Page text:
The primary purpose of thyroid FNA is to reduce unnecessary surgeries because thyroid nodules, despite being very common, carry a low risk of malignancy. In the current study, we found that the overall rate of surgery was similar to previously reported rates.13-17 This rate was reduced significantly after implementation of TBSRTC. Because the benign group formed the major category within the current study population (Fig. 1), reduction of the surgical rate in this category explains the majority of the observed overall reduction. Another possible reason is the lower rate of SM and MN diagnoses after implementation. It is not clear why the frequency of these 2 diagnoses was reduced after TBSRTC implementation. It is possible that some of the cases we used to term SM (such as cases with nondiagnostic features of papillary carcinoma) are now grouped in with AL. Further analysis of these categories is needed to test this hypothesis.
The “risk” of malignancy associated with each thyroid FNA diagnostic category has been discussed in the literature, but it is difficult to assess the true value or meaning of these numbers. Marchevsky et al examined the previous literature and demonstrated that the percentages of malignancies range from 0% to 18%, 3% to 77%, 8% to 85%, 21% to 100%, and 50% to 100% for the benign, AL, FN, SM, and MN categories, respectively.17 It is also unclear in many publications whether thyroid microcarcinomas (those measuring < 10 mm) were included in the analysis. In the current study, when microcarcinoma was considered to be an incidental finding, the diagnostic performance was found to be slightly improved after implementation of TBSRTC and, although comparable to previous studies,3, 13, 15, 16 there were some variations noted among different categories (Table 4). As frequently presented, “risk” of malignancy as a measure of performance of thyroid FNA is no more than the positive predictive value or 1-negative predictive value (for negative cases) disguised as an epidemiologic term. The predictive values strongly vary with the prevalence of the disease in the study population. This most likely explains Renshaw's finding of an inverse relation between the rate of surgical follow-up (selection for surgery) and risk of malignancy after a benign thyroid FNA result.18 In some studies, risk depends on the denominator used and whether it is an absolute risk or a relative risk.17 Because thyroid FNA is a laboratory test, we prefer to use the term predictive value or post-test probability over the term “risk” of malignancy.
Like the case in other laboratory tests, one can use prevalence and multilevel likelihood ratios for thyroid FNA to determine the post-test probability for each diagnostic level.19-21 In this study, the likelihood ratios for benign and malignant diagnoses essentially establish the diagnosis in both situations (Table 4). The intermediate results, AL and FN, had likelihood ratios close to unity with little influence on the pretest probability. However, despite the many merits of likelihood ratios over other diagnostic test parameters, to the best of our knowledge there are only a few reports published to date that present likelihood ratios calculated for TBSRTC categories.22, 23 Using likelihood ratios is better than other test parameters because they are largely unaffected by the prevalence of the disease; they can be determined for each diagnostic category; and they can be combined with clinical, sonographic, or other laboratory findings to calculate post-test probability. However, when comparing overall accuracy, the ROC performs better than overall likelihood ratios because the ROC does not ignore unsatisfactory results or collapse the indeterminate diagnoses into 1 category .8 In the current study, the overall ROC was not found to be different from that of previous reports (Table 4).8, 22 In addition, we found no change in the overall diagnostic accuracy before and after implementation of TBSRTC.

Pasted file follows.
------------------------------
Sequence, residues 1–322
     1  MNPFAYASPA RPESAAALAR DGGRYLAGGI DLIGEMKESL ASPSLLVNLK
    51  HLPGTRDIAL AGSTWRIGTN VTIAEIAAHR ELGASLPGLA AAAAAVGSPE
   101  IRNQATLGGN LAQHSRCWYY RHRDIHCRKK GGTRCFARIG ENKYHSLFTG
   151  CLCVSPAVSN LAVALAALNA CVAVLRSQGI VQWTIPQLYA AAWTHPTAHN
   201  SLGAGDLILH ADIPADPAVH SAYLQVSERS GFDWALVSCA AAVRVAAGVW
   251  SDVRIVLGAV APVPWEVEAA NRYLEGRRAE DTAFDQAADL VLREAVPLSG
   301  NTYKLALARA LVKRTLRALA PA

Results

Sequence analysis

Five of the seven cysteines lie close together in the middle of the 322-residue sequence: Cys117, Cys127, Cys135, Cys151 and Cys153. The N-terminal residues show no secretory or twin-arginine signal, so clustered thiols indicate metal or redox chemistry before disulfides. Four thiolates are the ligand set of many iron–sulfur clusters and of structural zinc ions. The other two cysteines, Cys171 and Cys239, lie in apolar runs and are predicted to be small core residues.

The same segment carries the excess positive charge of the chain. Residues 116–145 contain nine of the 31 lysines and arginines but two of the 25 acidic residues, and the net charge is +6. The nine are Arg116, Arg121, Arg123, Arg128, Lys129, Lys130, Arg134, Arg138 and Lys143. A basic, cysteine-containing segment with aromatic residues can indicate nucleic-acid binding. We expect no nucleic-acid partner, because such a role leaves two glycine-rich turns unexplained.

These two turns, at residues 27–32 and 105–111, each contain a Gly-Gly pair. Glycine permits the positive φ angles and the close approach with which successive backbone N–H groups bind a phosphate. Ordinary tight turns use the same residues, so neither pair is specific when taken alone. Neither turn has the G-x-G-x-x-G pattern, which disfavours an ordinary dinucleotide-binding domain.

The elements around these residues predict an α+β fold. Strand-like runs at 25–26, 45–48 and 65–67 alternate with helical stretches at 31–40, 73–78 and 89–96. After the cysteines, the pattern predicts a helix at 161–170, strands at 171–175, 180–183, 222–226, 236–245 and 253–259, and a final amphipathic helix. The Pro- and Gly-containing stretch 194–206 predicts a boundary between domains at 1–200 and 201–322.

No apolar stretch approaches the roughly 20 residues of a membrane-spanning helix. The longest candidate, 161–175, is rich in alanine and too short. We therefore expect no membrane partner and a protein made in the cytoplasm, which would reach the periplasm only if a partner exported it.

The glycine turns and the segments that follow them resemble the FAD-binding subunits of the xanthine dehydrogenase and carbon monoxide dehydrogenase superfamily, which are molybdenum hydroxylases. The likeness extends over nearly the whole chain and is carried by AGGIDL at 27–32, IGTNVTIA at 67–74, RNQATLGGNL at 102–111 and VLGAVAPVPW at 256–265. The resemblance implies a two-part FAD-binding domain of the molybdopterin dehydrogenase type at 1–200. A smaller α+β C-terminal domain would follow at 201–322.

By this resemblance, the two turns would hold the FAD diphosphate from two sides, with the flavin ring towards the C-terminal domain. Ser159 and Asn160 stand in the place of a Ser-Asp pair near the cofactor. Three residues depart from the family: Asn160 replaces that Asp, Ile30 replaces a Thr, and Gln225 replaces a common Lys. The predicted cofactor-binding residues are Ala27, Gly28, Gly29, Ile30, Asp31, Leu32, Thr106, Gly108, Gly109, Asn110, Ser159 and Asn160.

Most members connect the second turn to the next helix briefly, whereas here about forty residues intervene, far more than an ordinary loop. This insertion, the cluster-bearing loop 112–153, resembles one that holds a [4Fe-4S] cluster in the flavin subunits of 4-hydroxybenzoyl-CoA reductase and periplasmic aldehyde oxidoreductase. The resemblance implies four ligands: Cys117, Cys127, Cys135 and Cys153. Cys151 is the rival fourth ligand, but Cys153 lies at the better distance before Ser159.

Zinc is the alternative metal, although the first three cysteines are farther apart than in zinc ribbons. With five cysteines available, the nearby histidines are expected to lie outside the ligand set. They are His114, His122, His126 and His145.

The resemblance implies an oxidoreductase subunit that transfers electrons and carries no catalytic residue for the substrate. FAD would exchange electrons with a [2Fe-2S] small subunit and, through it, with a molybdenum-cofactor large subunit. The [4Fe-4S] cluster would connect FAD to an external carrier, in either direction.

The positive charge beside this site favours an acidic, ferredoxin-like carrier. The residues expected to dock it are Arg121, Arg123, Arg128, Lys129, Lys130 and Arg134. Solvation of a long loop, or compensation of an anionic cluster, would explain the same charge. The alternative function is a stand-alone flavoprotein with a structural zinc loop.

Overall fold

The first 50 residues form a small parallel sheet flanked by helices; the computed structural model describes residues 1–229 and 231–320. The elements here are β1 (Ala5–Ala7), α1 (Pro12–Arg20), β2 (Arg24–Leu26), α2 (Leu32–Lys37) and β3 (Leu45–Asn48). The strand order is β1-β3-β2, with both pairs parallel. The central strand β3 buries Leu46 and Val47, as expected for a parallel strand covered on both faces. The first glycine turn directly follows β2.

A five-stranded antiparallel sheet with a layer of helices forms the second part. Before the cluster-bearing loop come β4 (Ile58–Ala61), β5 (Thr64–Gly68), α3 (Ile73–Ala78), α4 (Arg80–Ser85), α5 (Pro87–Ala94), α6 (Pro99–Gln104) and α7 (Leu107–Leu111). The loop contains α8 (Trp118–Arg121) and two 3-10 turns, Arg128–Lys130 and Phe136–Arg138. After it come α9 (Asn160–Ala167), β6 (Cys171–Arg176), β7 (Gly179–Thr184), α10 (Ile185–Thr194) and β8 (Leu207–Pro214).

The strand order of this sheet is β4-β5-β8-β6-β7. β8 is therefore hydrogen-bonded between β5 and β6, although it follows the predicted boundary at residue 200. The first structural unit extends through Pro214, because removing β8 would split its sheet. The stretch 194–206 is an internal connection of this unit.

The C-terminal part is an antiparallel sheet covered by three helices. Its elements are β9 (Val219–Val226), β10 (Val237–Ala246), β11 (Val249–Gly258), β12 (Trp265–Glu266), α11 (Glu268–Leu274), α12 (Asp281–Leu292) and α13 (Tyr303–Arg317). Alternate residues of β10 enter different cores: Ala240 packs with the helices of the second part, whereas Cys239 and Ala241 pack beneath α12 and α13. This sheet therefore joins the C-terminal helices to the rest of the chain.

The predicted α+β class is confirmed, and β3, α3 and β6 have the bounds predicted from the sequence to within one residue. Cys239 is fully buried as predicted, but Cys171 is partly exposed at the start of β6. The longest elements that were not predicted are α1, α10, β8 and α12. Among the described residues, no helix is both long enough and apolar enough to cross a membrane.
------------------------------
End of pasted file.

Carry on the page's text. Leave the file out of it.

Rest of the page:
Assessing the use of frozen section during thyroid surgery (which is typically recommended to clarify nondefinitive diagnoses or ambiguous FNA results) represents another indirect way in which TBSRTC improves communication between pathologists and surgeons. These rates of use of frozen section are similar to those previously reported24 and do not appear to be affected by implementation of TBSRTC.
The current study has several limitations. Surgical follow-up was not provided in a large number of patients, resulting in both verification and disease spectrum bias. The preimplementation reporting was evaluated by a cytopathologist and not a clinician, who was the final user of our reports. The translation of 1 system to another may not be a perfect match. The follow-up varied for patients both before and after implantation. Histology may not be ideal, but it is the best available gold standard. Pathologists were not blinded when reading the final histology or the frozen sections. However, given the nature of this retrospective analysis, some of these limitations are unavoidable.
In conclusion, implementation of TBSRTC improves the quality of reporting by lowering the number of ambiguous and implicit diagnoses and decreasing overall surgery rates, particularly for benign lesions, but appears to have no effect on the accuracy of thyroid FNA, false-positive rates, or the frequency of intraoperative consultations. A prospective clinical trial with some elements of blinding is needed to define the pretest and post-test probabilities of malignancy, particularly for intermediate diagnostic categories. With the frequent use of high-resolution ultrasound, there is a need to develop a consensus regarding whether the discovery of microcarcinoma in thyroid resection specimens should be considered as a missed diagnosis (false-negative result).